IDG News Service – The security industry expects the number of cyber-espionage attacks to increase in 2012 and the malware used for this purpose to become increasingly sophisticated.
In the past two years there has been a surge in the number of malware-based attacks that resulted in sensitive data being stolen from government agencies, defense contractors, Fortune 500 companies, human rights organizations and other institutions.
“I absolutely expect this trend to continue through 2012 and beyond,” said Rik Ferguson, director of security research and communication at security firm Trend Micro. “Espionage activities have, for hundreds of years, taken advantage of cutting-edge technologies to carry out covert operations; 2011 was not the beginning of Internet-facilitated espionage, nor will it be the end,” he added. Continue reading Expect more cyber-espionage, sophisticated malware in 2012, experts say
Johns Hopkins professors propose a calendar in which each date falls on the same day of the week as it did the year before.
(CNN) — Imagine a future in which you always know the date of baseball’s opening day. Or that your birthday is always on a Tuesday (sorry). Or that New Year’s Eve is always on a Saturday.
As the people of the world prepare to hang their 2012 calendars, two professors at Johns Hopkins University are proposing one you can keep forever, as each date falls on the same day of the week as it did the year before.
Christmas might always be celebrated on a Sunday, for instance, and Memorial Day Monday could always be on May 28. Continue reading Professors’ proposed calendar synchronizes dates with days
Windows 8 will let you log in by using a photo as your password.(Credit: Microsoft) Continue reading Windows 8 to let you use a picture as your password
2011 Year in Review: Seven Prime Hacks and Why They are Significant
There was never a dull moment in 2011. Security was front-page news in major mainstream publications. Commercial hackers were running rampant, compromising millions of Web sites while spam bots were taken offline. Cyber-espionage moved from a government-only term to a growing concern among corporations, and certain countries felt the outstretched hands of Big Brother reach the cyber-world. With all these hacks, is it even possible to choose the seven prime hacks of 2011? It’s not an easy task, but let’s take a crack at it. Continue reading Seven Significant Hacks of 2011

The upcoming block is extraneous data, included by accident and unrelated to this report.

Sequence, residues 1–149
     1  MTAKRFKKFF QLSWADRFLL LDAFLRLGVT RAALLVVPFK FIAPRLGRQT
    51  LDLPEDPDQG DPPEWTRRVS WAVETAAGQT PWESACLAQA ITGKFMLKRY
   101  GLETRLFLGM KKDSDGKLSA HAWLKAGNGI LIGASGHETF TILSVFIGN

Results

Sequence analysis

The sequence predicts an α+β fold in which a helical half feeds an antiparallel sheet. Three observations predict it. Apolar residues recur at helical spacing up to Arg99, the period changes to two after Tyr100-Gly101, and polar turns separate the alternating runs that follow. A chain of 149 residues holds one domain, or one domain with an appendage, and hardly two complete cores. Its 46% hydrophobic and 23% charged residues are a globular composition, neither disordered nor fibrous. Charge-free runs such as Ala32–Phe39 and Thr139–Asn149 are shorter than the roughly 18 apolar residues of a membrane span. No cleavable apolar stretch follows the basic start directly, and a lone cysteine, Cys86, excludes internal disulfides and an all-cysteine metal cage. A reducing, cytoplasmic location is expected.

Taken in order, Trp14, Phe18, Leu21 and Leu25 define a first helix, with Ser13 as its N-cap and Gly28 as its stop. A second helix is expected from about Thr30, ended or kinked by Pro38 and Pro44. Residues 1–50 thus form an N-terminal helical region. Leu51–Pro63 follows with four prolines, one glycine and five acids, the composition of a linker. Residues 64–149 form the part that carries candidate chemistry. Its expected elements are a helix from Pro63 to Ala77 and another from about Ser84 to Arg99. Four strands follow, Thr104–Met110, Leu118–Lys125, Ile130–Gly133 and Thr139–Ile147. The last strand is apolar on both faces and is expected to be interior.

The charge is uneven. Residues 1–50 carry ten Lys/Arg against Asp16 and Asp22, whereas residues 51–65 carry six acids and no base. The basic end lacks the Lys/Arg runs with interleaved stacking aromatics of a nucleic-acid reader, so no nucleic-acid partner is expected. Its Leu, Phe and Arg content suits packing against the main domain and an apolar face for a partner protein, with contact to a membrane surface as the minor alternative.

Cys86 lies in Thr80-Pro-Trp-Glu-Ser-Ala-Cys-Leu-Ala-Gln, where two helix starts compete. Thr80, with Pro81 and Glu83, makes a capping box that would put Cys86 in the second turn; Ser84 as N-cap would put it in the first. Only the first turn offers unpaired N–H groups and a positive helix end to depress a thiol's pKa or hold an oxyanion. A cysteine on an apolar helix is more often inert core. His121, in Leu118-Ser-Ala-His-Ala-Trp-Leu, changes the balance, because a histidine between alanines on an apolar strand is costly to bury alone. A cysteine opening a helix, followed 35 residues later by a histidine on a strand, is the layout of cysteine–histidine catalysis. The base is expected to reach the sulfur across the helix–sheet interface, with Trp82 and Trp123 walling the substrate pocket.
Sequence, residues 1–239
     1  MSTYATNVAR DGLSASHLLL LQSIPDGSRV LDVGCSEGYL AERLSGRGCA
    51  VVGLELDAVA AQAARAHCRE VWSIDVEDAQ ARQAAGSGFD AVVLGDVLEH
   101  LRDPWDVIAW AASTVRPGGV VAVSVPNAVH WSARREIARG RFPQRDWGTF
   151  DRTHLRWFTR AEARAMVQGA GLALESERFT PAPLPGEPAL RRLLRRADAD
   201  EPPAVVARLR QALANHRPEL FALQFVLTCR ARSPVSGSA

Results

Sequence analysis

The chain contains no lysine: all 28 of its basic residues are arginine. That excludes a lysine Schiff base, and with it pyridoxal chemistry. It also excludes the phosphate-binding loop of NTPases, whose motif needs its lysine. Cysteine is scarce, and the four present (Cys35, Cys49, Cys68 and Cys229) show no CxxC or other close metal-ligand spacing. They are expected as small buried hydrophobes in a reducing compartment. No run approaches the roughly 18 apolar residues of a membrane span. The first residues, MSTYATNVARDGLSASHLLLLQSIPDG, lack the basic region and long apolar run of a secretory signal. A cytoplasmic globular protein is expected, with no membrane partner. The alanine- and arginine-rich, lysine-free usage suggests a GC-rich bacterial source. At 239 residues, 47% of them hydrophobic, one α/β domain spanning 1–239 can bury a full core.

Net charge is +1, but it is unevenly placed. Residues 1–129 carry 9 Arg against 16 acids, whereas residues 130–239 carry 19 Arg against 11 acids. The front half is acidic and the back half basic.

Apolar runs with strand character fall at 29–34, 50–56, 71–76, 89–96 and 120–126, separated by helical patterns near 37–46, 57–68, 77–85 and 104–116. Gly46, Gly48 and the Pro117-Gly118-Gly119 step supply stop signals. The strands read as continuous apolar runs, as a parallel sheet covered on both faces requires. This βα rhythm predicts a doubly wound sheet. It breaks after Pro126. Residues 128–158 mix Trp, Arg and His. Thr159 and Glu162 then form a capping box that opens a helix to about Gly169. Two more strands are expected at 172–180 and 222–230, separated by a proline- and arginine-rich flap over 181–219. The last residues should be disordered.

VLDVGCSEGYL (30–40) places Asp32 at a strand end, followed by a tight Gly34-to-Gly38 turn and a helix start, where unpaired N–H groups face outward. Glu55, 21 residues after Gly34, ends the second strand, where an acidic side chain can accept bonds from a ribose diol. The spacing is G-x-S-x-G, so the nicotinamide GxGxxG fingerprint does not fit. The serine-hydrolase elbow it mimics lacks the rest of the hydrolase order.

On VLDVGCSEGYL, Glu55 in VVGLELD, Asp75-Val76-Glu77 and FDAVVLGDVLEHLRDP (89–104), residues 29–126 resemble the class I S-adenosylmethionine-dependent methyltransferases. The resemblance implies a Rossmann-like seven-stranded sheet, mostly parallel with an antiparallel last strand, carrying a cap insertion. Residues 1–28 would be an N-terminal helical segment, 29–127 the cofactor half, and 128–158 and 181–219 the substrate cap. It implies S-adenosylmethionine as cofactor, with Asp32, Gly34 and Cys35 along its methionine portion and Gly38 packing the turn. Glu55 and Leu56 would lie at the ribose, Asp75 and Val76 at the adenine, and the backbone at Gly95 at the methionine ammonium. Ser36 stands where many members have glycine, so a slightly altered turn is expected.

Microsoft, beginning in January, will automatically upgrade Windows customers to the latest version of IE available for their PC, Ryan Gavin, senior director of IE, said in a blog post Thursday. The Redmond, Wash.-based computing giant’s move to embrace what is known as “silent updates” follows actions already taken by Google, which pioneered the concept for its Chrome web browser in 2009, and Mozilla, which announced recently it is working on a mechanism for automatic Firefox updates.
Microsoft is aiming to better protect users from threats, such as social-engineered malware, which often targets out-of-date web browsers, Gavin said. Continue reading Microsoft to begin silently updating IE in 2012
According to an “unnamed” security analyst, the vast majority of computer system intrusions perpetrated by Chinese Cyber-Agents are the work of just 12 separate groups or entities. There are suspicions and evidence, that China has been active in the arena of offensive computer espionagefor years.
In addition, there is the Chinese Cyber Army, a conglomeration of several Chinese hacktivist groups that act in the interest, and with guidance from, the Chinese Peoples Army and/or the Chinese state apparatus.
China also officially and publicly this year announced the formation of a specialized cadre of cyberwar experts, although whether this was meant as a decoy from the fact that they already possess such forces, or to further enhance their capabilities is difficult to establish.
At the same time, Iran, Pakistan, and Russia all seem to have developed cyberwar strategies as well, and are actively engaging in executing these. Continue reading We have an Entire Commercial Class of Security Professionals, but Few Hackers. Where are our Cyber Warriors?